University Times

NASA-funded program lifts off some students’ careers

Boushra Rafi, Contributing Writer

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Isaac Cano, a Cal State LA computer science graduate student, deeply valued his experience with the university’s Direct STEM program.

“It definitely was a dream come true for me. Ever since I was young, I had always wanted to do something in aerospace Being introduced to the program has given me the necessary tools to pursue my dream of having some sort of career in this field. It has done this by exposing me to new fields of research and personal connections I have made.”

Funded by NASA, the Direct STEM Program at Cal State LA was created over three years ago. Its goal was to promote the research’s infrastructure and help produce bright scientists and engineers from minority serving schools.

STEM stands for Science, Technology, Engineering and Mathematics. Some of the useful tools that are offered for the student at Direct STEM are: Internships at NASA centers, workshops and mentorships with high-caliber scientists around the nation.

For minority students who are coming from low socioeconomic families, this program could be a good opportunity.

Cano, a Hispanic first-generation college student, thought the program opened new doors for him.

“I started the pre-trainee program during my second semester of my freshman year. So as of right now, I enrolled in the computer science blended program. It pretty much allows me to extend my senior year for one more year so I can complete my master’s degree in five years. I would’ve never enrolled into it if I had not been in the program. They really motivated me to pursue the graduate program…I was [also] able to get the research position through the program.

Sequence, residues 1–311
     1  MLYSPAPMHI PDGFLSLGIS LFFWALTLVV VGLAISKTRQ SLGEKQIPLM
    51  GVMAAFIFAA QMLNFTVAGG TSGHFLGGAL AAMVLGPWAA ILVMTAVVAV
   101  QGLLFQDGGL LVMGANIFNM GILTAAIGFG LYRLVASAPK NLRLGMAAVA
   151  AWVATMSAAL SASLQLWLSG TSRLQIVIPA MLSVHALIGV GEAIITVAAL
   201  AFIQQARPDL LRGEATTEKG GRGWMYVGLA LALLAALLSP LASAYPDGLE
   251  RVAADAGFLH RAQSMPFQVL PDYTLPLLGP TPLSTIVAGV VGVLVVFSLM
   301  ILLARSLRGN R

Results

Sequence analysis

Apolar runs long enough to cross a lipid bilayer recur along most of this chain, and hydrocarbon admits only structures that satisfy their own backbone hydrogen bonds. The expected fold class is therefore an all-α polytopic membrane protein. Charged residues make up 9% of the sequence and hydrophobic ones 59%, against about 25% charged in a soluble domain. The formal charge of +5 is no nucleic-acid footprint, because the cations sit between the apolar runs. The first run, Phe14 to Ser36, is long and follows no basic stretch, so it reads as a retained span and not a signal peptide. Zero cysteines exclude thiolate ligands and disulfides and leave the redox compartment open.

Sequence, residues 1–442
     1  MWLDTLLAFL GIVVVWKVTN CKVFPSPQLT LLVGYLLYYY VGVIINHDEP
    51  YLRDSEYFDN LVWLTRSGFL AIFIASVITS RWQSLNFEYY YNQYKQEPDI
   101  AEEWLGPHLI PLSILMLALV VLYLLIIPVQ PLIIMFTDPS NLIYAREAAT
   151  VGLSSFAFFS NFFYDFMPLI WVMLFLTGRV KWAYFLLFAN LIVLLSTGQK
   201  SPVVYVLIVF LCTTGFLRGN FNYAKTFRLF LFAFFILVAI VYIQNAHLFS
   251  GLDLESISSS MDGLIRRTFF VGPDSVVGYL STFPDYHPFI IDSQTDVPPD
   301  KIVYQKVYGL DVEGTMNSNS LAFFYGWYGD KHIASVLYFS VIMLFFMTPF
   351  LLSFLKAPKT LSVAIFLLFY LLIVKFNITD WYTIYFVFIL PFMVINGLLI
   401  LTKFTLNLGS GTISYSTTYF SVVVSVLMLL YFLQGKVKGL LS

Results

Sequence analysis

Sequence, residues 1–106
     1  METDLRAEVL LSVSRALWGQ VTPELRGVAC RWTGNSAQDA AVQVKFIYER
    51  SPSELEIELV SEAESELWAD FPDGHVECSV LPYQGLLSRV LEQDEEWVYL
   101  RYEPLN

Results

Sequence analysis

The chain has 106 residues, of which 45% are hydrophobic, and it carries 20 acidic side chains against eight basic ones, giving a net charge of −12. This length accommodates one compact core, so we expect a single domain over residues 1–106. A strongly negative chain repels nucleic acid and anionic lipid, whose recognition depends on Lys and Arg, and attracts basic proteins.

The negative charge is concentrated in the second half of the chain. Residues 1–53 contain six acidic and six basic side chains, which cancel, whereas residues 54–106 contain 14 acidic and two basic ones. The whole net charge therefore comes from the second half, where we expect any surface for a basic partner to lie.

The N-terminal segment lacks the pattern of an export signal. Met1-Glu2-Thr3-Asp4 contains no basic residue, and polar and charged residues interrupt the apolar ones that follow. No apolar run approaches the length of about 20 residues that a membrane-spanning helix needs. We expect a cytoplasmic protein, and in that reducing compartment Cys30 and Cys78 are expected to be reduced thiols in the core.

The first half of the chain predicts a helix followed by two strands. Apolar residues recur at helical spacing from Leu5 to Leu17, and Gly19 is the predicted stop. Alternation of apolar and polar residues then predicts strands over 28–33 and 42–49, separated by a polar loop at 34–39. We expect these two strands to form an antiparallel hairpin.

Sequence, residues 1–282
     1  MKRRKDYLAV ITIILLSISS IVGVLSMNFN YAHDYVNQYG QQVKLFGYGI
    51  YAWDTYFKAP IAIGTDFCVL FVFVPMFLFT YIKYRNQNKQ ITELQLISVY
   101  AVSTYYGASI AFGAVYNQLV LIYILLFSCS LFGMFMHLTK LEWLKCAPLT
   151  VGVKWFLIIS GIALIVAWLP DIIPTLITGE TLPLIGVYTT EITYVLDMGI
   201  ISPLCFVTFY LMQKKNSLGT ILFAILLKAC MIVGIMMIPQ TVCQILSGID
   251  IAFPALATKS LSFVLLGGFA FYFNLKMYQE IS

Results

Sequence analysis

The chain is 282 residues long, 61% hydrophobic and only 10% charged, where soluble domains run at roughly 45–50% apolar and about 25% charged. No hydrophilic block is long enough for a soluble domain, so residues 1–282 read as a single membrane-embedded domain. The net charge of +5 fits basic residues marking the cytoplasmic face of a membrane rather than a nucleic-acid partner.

Hengchun Ye, associate dean and former director of the program said Direct STEM has granted minority students golden opportunities to excel in their academic, professional and even personal lives. She explained that there are two types of students in this program, the pre trainees and the research students.

“The students will say they would never imagine they can do so well, they basically exceed the expectations, some students came here to just get an undergraduate degree or get a master degree, however and because of the opportunities given to them and because of the way we send them to do internships at NASA centers, they really … jump up in their capacities and research.”

NASA considers diversity and inclusion to be fundamental to its success, according to the agency’s website.

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